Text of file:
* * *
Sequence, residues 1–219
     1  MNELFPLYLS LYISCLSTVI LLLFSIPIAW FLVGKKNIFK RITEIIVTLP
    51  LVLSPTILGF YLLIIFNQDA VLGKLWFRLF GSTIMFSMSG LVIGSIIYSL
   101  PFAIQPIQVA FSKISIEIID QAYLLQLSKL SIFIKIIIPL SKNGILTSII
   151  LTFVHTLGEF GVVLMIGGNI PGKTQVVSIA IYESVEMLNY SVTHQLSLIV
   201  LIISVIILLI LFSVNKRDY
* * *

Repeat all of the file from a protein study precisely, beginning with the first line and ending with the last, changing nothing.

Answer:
Sequence, residues 1–219
     1  MNELFPLYLS LYISCLSTVI LLLFSIPIAW FLVGKKNIFK RITEIIVTLP
    51  LVLSPTILGF YLLIIFNQDA VLGKLWFRLF GSTIMFSMSG LVIGSIIYSL
   101  PFAIQPIQVA FSKISIEIID QAYLLQLSKL SIFIKIIIPL SKNGILTSII
   151  LTFVHTLGEF GVVLMIGGNI PGKTQVVSIA IYESVEMLNY SVTHQLSLIV
   201  LIISVIILLI LFSVNKRDY